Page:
Saturday, September 6, 2014

September 6, 2014 - Tracy City, Abandoned Places

It's not just what you know, but also who you know. Our favorite Tennessee State Park Ranger came through for us again and took us around some of the less-visited spots that not everybody has access to today.

First stop, the ruins of an old sand plant outside Tracy City where sandstone was ground into sand and then transported to the Coke Cola bottling plant nearby to be made into glass bottles.










Next up, the abandoned cabins of Camp Mountain Lake near Grundy lake. I couldn't find any references on the web for why exactly the camp shut down but I did find this little bit of information about its founding:

Camp Mountain Lake was founded by Sewanee (The University of the South) football coach Horace Moore in 1946, and ran every summer until 1987 under his supervision. It drew children from all over the country, especially from the Southeast. Coach Moore's approach at the camp created a lasting affection among the campers and their families for both its director and the grounds of the camp.


This seems to conflict with the sign found inside the camp that credits the founding of the camp with George Reynolds. Based on this newspaper article, Mr Reynolds was the Director of the camp. It looks like the previous campers and counselors were having reunions as early as 2004, based on this Yahoo Group posting and (Colonel) Reynolds appeared to have been a member. Further poking around in the group indicates that Coach Moore passed in 2005 and there was a falling out among the members. I also found Coach Moore's Wikipedia entry but there is no mention of the camp.


Table practically set for a meal


Domino pieces on the floor of a cabin

"Tao of Pooh" in a bucket

Mattress, sink and cot frame- AM/FM radio on the mattress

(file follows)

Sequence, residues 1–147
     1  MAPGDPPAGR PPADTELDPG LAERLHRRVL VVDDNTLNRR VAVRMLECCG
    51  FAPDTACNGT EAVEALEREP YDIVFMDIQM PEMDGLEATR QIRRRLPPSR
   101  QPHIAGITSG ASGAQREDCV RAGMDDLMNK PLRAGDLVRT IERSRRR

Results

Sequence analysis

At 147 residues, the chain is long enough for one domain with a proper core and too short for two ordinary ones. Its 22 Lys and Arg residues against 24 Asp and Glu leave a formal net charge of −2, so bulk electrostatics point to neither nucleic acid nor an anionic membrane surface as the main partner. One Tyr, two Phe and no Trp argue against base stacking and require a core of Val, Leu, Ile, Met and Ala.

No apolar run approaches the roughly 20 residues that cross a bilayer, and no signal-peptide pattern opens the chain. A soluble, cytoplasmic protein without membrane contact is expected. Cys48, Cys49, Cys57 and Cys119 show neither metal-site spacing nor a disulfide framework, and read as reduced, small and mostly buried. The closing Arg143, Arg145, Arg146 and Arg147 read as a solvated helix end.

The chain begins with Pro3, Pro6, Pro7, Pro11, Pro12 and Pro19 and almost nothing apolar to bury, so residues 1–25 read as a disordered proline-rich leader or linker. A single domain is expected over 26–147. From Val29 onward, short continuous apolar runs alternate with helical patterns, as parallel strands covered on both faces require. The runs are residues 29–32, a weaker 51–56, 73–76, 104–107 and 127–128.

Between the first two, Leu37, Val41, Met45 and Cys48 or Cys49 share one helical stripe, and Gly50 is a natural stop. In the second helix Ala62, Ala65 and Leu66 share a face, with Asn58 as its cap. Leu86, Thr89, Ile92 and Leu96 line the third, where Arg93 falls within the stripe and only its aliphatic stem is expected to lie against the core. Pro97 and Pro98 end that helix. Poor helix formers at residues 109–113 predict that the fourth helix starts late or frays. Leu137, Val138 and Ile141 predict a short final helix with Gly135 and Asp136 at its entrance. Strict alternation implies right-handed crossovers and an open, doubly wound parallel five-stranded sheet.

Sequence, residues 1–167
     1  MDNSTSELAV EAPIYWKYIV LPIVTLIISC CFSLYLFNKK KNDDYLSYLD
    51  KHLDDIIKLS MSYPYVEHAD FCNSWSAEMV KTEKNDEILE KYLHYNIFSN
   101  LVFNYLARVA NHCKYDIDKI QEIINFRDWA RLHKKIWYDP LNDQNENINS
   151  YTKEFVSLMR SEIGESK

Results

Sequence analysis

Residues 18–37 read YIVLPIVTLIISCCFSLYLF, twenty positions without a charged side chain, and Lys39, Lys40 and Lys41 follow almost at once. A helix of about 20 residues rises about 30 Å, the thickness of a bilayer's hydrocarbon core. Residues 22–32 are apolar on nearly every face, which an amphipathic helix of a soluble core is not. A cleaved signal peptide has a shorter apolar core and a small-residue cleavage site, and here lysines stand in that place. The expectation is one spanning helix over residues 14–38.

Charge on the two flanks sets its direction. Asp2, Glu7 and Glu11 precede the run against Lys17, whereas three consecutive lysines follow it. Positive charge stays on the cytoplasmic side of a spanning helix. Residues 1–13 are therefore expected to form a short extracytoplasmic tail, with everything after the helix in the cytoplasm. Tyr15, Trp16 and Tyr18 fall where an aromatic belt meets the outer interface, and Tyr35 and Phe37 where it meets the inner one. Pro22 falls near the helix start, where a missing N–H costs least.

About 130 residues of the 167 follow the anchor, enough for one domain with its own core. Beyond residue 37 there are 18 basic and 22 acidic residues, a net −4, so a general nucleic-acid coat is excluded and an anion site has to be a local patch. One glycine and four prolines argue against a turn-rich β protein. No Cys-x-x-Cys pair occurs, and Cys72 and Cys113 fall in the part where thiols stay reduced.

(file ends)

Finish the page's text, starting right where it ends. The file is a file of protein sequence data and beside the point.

Photo of a small child and book on cabin floor

Quite an impressive wardrobe in another cabin

Rusted metal cabnet




What appears to have been the gym

Craft workshop

Sign leaning against one of the buildings

This next building was a goldmine of interesting objects and left-behind art and craft projects. It had been the glassworks run by a Ed Russell. Attempts to find any information about Mr. Russell haven't been very productive- with the exception of the Yahoo Group I mentioned above. I can't find any evidence that he's still working with glass. The domain names that were listed on several business cards that we found in the glassworks are no longer maintained and up for sale. The winking cat spray-painted on the side of the building appears to have been his logo, but Google image searches don't turn up anything. I did have some luck using the Internet Wayback Machine. Let this be a lesson for everybody- what they say about anything you put out on the web being out there forever... it's true. From the archives of his website (similar text as I found above):


Ed Russell attended Camp Mountain Lake from 1972, when he was 9 years old, until 1978. He would return to the camp as a councelor and as the cook for Sewanee football team during their training at Camp Mountain Lake. Ed, his mother Esther, and many former campers speak of the sense of community and family that was fostered here.